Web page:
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Robert Irsay, Colts owner, dies at 73 Controversial figure broke fans' hearts, moving team to Ind.

January 15, 1997|By Jon Morgan | Jon Morgan,SUN STAFF

Mr. Irsay acquired the team through an elaborate "franchise swap" that saw Rosenbloom trade them to Mr. Irsay for the Los Angeles Rams. Mr. Irsay simultaneously purchased the Rams for $19 million and swapped them for the Colts in a pre-arranged transaction that gave Mr. Rosenbloom a team in a big market without having to pay capital gains taxes. Mr. Rosenbloom also paid Mr. Irsay a few million dollars.

Five games into his first season as owner, Mr. Irsay fired the coach, Don McCafferty, despite his Super Bowl victory over the Dallas Cowboys two seasons earlier. The next year, Mr. Irsay's general manager, Joe Thomas, summarily traded legendary quarterback Johnny Unitas to San Diego.

Mr. Irsay became something of a legend for his public denunciation of players and staff in Baltimore, and for calling in plays from the owner's box. During one game in 1974, he showed up on the sidelines to forcefully suggest a change of quarterbacks, an idea coach Howard Schnellenberger rejected. Irsay fired Schnellenberger after the game.

In 1983, the chaotic reputation of the franchise prompted John Elway, the No. 1 college draft pick, to refuse to sign with the Colts. After an embarrassing standoff, Mr. Irsay traded the soon-to-be star quarterback to Denver -- without informing the team's general manager or coach.

Moreover, Mr. Irsay made little secret of his dissatisfaction with Memorial Stadium and in 1976, started a public courtship with Phoenix, Memphis, Tenn., Los Angeles, New York, Jacksonville, Fla., and Indianapolis.

As reporters chronicled his wanderlust, his relationship with the media grew more stormy. In a famous exchange on Jan. 20, 1984, at Baltimore-Washington International Airport, Mr. Irsay stood next to Mr. Schaefer, pumped his fingers in the air and shouted.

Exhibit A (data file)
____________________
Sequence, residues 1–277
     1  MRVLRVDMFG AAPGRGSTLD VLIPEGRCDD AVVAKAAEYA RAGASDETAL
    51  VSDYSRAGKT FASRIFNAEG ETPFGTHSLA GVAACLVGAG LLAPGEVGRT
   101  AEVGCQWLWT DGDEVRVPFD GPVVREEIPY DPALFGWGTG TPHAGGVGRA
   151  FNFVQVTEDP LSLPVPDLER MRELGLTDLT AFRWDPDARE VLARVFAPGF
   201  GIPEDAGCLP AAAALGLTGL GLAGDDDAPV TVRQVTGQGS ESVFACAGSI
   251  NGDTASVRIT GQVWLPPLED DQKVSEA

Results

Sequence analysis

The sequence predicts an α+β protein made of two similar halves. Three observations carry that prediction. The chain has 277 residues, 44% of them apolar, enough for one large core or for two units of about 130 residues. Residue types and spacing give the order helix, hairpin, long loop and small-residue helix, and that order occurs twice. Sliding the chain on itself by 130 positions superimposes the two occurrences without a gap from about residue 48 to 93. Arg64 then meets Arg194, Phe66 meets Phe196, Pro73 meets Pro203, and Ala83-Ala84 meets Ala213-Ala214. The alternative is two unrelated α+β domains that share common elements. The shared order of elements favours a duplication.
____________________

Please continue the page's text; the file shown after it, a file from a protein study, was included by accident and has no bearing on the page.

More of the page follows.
"I have not any intentions of moving the goddamn team. If I did, I will tell you about it, but I'm staying here," Mr. Irsay said. Later it was learned that news leaks had prompted him to cancel a meeting that day with officials from Phoenix, where he was thinking of moving the team, and fly to Baltimore.

The team moved to Indianapolis two months later, and bumper stickers reading "Will Rogers never met Bob Irsay" were soon common in Baltimore. An ice cream shop hung a sign in the window reading "Honk if you Hate Irsay." Vandals pelted Mayflower trucks with stones.

Noted sportswriter and Baltimore native Frank Deford wrote of the move that year in Sports Illustrated: "A man who could screw up professional football in Baltimore would foul the water at Lourdes or flatten the beer at Munich."

Mr. Irsay said the move, executed secretly on the night of March 28, 1984, was sparked by a surprise measure moving through the Maryland General Assembly that would have allowed the city to seize the team through eminent domain. Schaefer disputes that account, saying the team owner was aware of the bill in advance and that the state would probably not have approved the funds to buy the team anyway.

David R. Frick, who negotiated the Colts deal on behalf of Hudnut, said Indianapolis officials felt they were close to agreement with Mr. Irsay but news of the Maryland legislation speeded up the deal.

More importantly, while Baltimore was seeking money to renovate Memorial Stadium, Indianapolis was offering a new, domed stadium, with skyboxes and other modern amenities, as well as a revenue guarantee, a new training complex and a subsidized-interest loan to help with the team's debt.

Mr. Irsay claimed Baltimore did not follow through on promises regarding the stadium and he complained about "hounding" from the news media and lackluster fan support.

"We were sort of marked with the Unitas era at Baltimore and I guess any player that did anything -- if his name wasn't Unitas or Art Donovan or Raymond Berry -- he could never be a star there," Mr. Irsay said in 1984.

Mr. Schaefer first learned of the move from late-night radio news broadcasts and later fumed that the team owner did not call first as promised.

Born Robert J. Israel -- the family name was changed when he was young -- in Chicago to Jewish-Hungarian emigres, Mr. Irsay made a fortune in the heating and air conditioning business he learned from his father. Family members accused him of founding a competing company and driving his father out of business.

Estranged from his parents and brother, who accused the team owner of inventing an impoverished upbringing and denying his Jewish roots, Mr. Irsay was called "a devil on earth" by his mother in a 1986 interview with Sports Illustrated.

"He stole all our money and said goodbye. He don't care for me When my husband got sick and got the heart attack, he [Bob] took advantage. He was no good," Elaine Irsay told the magazine.

He had a well-documented habit of embellishing his past: a claimed mechanical engineering degree from the University of Illinois was repeatedly disputed by the university, which said he attended the school but never completed a degree.

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